Just two hours drive from New Delhi, with its gleaming office towers and swanky malls, where girls clad in jeans ride motor bikes and women occupy senior positions in multi-nationals, the mud-and-brick villages of Baghpat appear a world apart. Here, women veil themselves in the presence of men, are confined to the compounds of their houses as child bearers and home makers, and are forbidden from venturing out unaccompanied.

Village men farm the lush sugarcane plantations or sit idle on charpoys, or traditional rope beds, under the shade of trees in white cotton tunics, drinking tea, some smoking hookah pipes while lamenting the lack of brides for their sons and brothers. The figures are telling. According to India’s 2011 census, there are only 858 women to every 1,000 men in Baghpat district, compared to the national sex ratio of 940. Child sex ratios in Baghpat are even more skewed and on the decline with 837 girls in 2011 compared to 850 in 2001 — a trend mirrored across districts in northern Indian states such as Haryana, Punjab and Rajasthan and Gujarat in the west.

“In every village, there are at least five or six bachelors who can’t find a wife. In some, there are up to three or four unmarried men in one family. It’s a serious problem,” says Shri Chand, 75, a retired police constable. “Everything is hush, hush. No one openly admits it, but we all know what is going on. Some families buy brides from other parts of the country, while others have one daughter-in-law living with many unwedded brothers.”

Women from other regions such as the states of Jharkhand and West Bengal speak of how their poor families were paid sums of as little as 15,000 rupees ($300) by middle-men and brought here to wed into a different culture, language and way of life.

“It was hard at first, there was so much to learn and I didn’t understand anything. I thought I was here to play,” said Sabita Singh, 25, who was brought from a village in West Bengal at the age of 14 to marry her husband, 19 years her elder.

“I’ve got used to it,” she says holding her third child in her lap. “I miss my freedom.” Such exploitation of women is illegal in India, but many of these crimes are gradually becoming acceptable among such close-knit communities because the victims are afraid to speak out and neighbors unwilling to interfere.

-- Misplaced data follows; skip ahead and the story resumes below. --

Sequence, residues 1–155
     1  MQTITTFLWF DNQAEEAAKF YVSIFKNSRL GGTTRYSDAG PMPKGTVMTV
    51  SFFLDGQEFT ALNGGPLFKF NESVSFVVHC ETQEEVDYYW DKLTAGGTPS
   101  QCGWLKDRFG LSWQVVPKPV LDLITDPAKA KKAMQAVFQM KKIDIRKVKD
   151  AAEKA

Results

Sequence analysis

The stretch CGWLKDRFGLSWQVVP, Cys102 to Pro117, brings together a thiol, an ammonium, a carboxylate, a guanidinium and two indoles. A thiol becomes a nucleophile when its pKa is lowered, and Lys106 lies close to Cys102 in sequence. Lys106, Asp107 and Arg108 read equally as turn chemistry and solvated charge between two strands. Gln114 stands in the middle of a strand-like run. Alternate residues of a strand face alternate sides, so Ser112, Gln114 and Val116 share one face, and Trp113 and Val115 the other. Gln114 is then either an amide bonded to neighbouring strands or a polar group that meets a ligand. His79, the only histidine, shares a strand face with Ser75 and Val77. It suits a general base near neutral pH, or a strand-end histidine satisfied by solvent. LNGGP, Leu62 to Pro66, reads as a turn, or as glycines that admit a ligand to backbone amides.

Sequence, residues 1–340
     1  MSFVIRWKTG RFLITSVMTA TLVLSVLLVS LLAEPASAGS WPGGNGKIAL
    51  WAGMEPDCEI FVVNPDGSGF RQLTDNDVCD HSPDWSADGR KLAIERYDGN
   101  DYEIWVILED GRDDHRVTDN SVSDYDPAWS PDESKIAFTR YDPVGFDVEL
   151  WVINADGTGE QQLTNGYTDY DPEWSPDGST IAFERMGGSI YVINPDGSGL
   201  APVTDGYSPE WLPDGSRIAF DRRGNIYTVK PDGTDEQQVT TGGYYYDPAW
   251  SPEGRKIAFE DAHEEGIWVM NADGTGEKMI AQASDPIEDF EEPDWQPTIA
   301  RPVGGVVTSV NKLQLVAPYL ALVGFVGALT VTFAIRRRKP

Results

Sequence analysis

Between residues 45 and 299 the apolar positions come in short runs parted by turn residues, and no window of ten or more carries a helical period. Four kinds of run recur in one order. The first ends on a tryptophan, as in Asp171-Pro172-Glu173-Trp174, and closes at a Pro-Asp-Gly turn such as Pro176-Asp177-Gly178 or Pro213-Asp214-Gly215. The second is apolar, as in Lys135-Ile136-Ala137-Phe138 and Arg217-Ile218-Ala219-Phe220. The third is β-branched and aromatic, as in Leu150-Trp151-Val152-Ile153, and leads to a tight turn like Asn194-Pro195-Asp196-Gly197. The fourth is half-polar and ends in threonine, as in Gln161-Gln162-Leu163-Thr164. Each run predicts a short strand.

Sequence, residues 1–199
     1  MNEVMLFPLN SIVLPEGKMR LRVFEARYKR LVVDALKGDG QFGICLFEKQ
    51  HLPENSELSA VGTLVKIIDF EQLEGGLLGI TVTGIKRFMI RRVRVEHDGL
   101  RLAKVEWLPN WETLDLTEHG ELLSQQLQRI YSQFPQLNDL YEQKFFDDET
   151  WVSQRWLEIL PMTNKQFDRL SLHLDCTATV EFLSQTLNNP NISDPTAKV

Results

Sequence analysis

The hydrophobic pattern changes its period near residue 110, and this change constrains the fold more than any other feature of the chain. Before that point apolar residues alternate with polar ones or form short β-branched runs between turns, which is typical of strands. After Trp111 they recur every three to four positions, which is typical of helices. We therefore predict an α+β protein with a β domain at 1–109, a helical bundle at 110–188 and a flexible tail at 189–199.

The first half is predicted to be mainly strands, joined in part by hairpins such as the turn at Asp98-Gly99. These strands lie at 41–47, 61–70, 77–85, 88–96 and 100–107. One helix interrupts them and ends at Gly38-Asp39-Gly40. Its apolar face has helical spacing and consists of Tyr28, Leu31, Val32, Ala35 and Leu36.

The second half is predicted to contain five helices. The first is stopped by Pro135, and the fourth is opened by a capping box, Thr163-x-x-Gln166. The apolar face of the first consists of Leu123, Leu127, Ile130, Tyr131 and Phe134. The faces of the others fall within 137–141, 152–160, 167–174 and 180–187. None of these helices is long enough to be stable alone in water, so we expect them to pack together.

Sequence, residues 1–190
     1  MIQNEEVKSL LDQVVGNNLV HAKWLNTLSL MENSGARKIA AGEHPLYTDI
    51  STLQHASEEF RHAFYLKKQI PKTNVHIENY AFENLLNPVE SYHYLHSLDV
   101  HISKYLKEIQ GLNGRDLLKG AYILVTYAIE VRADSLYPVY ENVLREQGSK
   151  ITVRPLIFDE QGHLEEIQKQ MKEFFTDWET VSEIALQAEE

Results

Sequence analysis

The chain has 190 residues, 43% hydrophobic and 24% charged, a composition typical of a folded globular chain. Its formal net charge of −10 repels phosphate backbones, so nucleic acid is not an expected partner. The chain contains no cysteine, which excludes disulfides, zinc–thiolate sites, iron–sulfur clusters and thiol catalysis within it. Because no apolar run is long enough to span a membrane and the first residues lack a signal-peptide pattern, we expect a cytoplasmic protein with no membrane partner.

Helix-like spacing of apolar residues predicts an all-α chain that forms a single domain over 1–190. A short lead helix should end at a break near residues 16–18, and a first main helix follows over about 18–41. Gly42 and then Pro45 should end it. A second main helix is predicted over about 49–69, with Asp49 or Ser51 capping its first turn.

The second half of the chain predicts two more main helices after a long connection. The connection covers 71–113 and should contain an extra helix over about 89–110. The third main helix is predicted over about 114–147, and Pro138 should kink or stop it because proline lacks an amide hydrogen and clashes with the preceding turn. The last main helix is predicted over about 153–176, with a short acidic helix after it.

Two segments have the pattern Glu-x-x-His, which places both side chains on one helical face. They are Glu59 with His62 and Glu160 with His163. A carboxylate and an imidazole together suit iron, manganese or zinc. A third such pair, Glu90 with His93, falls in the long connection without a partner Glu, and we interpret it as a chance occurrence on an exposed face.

Some villagers say the practice of brothers sharing a wife has benefits, such as the avoidance of division of family land and other assets amongst heirs. Others add the shortage of women has, in fact, freed some poor families with daughters from demands for substantial dowries by grooms’ families. Social activists say nothing positive can be derived from the increased exploitation of women, recounting cases in the area of young school girls being raped or abducted and auctioned off in public.


Despite laws making pre-natal gender tests illegal, India’s 2011 census indicated that efforts to curb female feticide have been futile. While India’s overall female-to-male ratio marginally improved since the last census in 2001, fewer girls were born than boys and the number of girls under six years old plummeted for the fifth decade running. A May study in the British medical journal Lancet found that up to 12 million Indian girls were aborted over the last three decades — resulting in a skewed child sex ratio of 914 girls to every 1,000 boys in 2011 compared with 962 in 1981.

Sons, in traditionally male-dominated regions, are viewed as assets — breadwinners who will take care of the family, continue the family name, and perform the last rites of the parents, an important ritual in many faiths. Daughters are seen as a liability, for whom families have to pay substantial wedding dowries. Protecting their chastity is a major concern as instances of pre-marital sex are seen to bring shame and dishonor on families.

Women’s rights activists say breaking down these deep-rooted, age-old beliefs is a major challenge. “The real solution is to empower girls and women in every way possible,” says Neelam Singh, head of Vatsalya, an Indian NGO working on children’s and women’s issues.

“We need to provide them with access to education, healthcare and opportunities which will help them make decisions for themselves and stand up to those who seek to abuse or exploit them.”

(TrustLaw is a global news service on women’s rights and good governance run by Thomson Reuters Foundation. For more information see

(Editing by Sugita Katyal)

MP girl sold for Rs 90,000, found


THE TRIBUNE / Jind, October 24

The police has recovered a 22-year-old girl hailing from Madhya Pradesh from the local railway station. According to police sources, the girl, identified as Maya, a resident of Betul district of Madhya Pradesh, was found to be loitering at the local railway junction on Saturday night under suspicious circumstances.

She told the police that her uncle sold her for marriage to a youth a few days ago against a payment of Rs 90,000. She said she became a widow after her husband died three months ago. The investigations revealed that the girl was married to a truck driver, Ved Prakash, a resident of Dhangar village, on October 20, but she fled from his house on October 22 and reached Jind. She told the police that as she was married against her wishes, she fled and wanted to return to her house in her native village.

While no complaint has been lodged by anyone in this connection, the girl was produced before the duty magistrate, who sent her to the Nari Niketan at Karnal till she was sent back home.This is the second such incident in which a woman, hailing from outside the state, has been recovered after being sold for marriage in the region.